The vote controls for christianity.se are perhaps the worst of all of these examples in terms of being recognizably up and down and recognizable as controls rather than decorations. The use of a symmetric curved triangle-like shape (presumably linked to the Christian use of the triangle to represent the Trinity) makes the upward/downward nature less obvious. The highly ornamental nature of the images also makes them less obviously control buttons (rather than decoration).

However, if one can guess that the number is, in fact, a score from voting, it is not that difficult to discern that the image above the score is for up voting and the image below the score is for down voting. (Even if one mistook the number for an article number or rank in a series of articles, one would probably guess that the buttons are previous and next controls from context.)

If one guessed that the number is a score, one might think that ordinary users do not have the ability to vote, so the lack of clarity has a small disadvantage.

Recognizing the voting controls is probably a much less common problem than recognizing that an asker can accept an answer.

With respect to few people reading the about page: while this is true (as noted in comments, only 179 Informed badges), the fact that 1,354 Supporter badges (first up vote) have been earned might indicate that the problem is not that severe.

Here are some numbers (with sites ordered by my rough ranking of most decorative/least obvious voting controls):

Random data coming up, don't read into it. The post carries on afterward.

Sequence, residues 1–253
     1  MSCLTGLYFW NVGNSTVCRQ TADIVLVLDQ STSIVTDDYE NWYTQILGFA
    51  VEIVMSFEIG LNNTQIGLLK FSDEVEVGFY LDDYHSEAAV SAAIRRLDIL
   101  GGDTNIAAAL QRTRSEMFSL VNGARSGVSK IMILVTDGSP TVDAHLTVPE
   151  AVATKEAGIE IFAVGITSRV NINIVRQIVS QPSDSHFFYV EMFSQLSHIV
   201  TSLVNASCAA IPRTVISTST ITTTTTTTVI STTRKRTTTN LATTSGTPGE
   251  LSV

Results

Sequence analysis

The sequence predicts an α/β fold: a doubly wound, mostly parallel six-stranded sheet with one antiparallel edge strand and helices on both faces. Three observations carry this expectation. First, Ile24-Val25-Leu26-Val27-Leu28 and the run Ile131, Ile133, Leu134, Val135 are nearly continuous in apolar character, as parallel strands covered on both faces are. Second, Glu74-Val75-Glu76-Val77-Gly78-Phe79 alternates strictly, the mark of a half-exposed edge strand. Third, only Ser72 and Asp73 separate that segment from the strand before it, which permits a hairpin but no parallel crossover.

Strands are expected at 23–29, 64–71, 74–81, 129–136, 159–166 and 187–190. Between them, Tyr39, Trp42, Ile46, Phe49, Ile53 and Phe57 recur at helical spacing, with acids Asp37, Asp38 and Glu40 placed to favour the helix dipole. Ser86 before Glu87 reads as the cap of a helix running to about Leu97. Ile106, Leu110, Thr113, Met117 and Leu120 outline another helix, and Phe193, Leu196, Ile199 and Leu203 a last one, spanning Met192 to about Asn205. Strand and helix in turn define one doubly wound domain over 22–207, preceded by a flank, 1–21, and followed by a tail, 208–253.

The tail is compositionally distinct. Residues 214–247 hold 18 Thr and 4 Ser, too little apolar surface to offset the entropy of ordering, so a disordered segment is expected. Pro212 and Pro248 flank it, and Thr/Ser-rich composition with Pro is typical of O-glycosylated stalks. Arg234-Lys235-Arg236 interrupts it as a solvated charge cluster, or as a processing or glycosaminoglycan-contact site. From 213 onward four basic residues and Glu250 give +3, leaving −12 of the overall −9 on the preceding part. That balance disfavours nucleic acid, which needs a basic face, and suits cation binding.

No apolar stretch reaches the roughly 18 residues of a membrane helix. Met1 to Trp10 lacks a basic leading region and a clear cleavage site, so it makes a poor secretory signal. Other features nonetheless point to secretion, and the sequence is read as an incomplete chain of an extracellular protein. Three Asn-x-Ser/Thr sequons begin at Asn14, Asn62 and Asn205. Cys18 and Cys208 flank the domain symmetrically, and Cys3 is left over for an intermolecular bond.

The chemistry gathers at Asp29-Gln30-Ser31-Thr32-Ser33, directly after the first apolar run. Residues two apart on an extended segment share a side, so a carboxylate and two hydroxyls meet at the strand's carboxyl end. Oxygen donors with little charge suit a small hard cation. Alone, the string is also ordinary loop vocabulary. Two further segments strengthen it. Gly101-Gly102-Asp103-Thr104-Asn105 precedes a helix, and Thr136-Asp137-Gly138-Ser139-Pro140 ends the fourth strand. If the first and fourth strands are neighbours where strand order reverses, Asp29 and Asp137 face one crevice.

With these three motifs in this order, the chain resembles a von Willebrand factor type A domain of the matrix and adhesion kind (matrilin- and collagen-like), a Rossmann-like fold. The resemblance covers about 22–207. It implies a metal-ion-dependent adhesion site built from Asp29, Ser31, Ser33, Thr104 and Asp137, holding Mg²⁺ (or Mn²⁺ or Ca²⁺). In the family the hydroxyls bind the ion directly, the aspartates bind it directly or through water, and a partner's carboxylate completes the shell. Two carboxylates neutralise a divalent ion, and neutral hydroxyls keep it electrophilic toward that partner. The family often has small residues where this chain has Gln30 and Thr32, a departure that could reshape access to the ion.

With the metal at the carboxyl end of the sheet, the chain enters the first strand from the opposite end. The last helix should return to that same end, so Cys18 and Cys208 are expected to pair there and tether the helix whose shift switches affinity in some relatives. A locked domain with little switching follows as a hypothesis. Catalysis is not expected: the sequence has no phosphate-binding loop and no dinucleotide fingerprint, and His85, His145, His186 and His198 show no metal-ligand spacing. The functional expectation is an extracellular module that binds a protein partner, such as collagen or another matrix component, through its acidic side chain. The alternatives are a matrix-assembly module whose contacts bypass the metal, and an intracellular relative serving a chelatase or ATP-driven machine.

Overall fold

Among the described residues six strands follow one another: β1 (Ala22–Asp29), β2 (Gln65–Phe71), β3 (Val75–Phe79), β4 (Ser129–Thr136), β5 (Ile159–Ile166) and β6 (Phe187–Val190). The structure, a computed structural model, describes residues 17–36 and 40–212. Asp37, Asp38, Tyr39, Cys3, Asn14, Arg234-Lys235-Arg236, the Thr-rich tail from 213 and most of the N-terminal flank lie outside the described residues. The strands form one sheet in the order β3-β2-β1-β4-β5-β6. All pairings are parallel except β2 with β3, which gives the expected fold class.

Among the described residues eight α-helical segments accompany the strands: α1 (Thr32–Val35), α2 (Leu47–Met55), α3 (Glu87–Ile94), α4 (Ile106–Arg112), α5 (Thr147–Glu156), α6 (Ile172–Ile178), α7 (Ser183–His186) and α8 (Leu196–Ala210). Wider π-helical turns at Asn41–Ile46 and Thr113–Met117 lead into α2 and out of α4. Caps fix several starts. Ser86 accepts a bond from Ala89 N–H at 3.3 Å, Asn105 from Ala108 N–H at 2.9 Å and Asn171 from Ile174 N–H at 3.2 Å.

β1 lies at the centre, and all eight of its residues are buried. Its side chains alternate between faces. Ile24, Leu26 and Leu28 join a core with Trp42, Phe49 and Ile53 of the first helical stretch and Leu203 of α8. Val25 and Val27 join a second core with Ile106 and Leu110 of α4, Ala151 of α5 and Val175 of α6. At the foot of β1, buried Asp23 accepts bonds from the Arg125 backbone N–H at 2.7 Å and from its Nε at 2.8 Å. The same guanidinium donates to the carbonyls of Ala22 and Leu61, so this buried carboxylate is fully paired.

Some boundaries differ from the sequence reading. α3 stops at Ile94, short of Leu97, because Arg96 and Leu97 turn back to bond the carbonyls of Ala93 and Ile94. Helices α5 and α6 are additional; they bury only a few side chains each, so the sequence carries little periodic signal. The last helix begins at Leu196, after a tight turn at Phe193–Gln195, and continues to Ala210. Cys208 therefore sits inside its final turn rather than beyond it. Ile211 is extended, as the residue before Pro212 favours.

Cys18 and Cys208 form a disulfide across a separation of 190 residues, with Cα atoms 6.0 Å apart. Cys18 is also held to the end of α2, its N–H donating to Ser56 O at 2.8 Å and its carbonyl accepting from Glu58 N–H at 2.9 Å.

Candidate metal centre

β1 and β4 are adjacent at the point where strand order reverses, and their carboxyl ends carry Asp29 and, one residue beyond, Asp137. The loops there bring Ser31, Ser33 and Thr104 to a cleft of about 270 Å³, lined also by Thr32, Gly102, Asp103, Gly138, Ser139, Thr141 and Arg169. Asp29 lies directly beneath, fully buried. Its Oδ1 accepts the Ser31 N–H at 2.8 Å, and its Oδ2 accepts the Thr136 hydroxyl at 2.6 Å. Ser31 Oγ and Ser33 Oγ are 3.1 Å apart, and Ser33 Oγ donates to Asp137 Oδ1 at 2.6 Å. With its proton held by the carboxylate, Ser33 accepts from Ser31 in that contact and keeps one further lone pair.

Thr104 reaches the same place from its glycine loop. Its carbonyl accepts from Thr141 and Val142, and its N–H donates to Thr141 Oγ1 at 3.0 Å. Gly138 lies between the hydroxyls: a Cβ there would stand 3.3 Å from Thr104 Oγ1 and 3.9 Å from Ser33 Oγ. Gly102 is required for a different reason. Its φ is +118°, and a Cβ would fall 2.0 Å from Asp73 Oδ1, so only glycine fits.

SE site       | Informed badges | Supporter badges      | Users 
              |    (% users)    |    (% users)          |
              |                 |   [* Informed]        |
christianity  |    179 (5.21)   |   1,354 (39.4) [ 7.6] |     3,435
electronics   |    398 (2.10)   |   6,080 (32.2) [15.3] |    18,910
stackoverflow | 52,587 (2.47)   | 419,292 (19.7) [ 8.0] | 2,131,780
scifi         |    326 (2.97)   |   4,503 (40.1) [13.8] |    10,988
space (Beta)  |     79 (9.55)   |     402 (48.6) [ 5.1] |       827

There is probably a significant bias against earning the Informed badge on a secondary site (if one already has significant experience with another SE site, the about page is less interesting). Users in a early public Beta stage are probably more likely to up vote (so the high percentage of Supporter badges in space.se might not have much to say about the obviousness of the interface). Being the most mature and popular, StackOverflow may get a larger fraction of low-participation users (possibly somewhat explaining its low Supporter count).

I suspect that site age has more to do with the percentage of users that have up voted a post than the obviousness of the voting interface. (Ordering by age, I think scifi.se is the only one of these sites with an anomalous percentage of Supporter badges. That might be somewhat explained by the more subjective content of the site and perhaps the more enthusiast traits of its users.)

  • Is there any way of finding out how many users have the association bonus and start off here with a rep score of 101? That would mean they might not have needed to read the About page and they would certainly have an idea of what the controls were for. Oct 8, 2013 at 7:27
  • @AndrewLeach It might be possible to use the Data Explorer to find a user's reputation on the user's first day (and possibly subtract any other earned reputation). The data is available in the user's profile, so it is not secret. Incidentally, I got Informed after Fanatic which I got roughly a month and a half (or more) after the association bonus. However, I started during the public Beta when the vote controls were most obvious. One might want to include only users coming after the site left Beta (w.r.t. impact of vote control design).
    – user3331
    Oct 8, 2013 at 14:59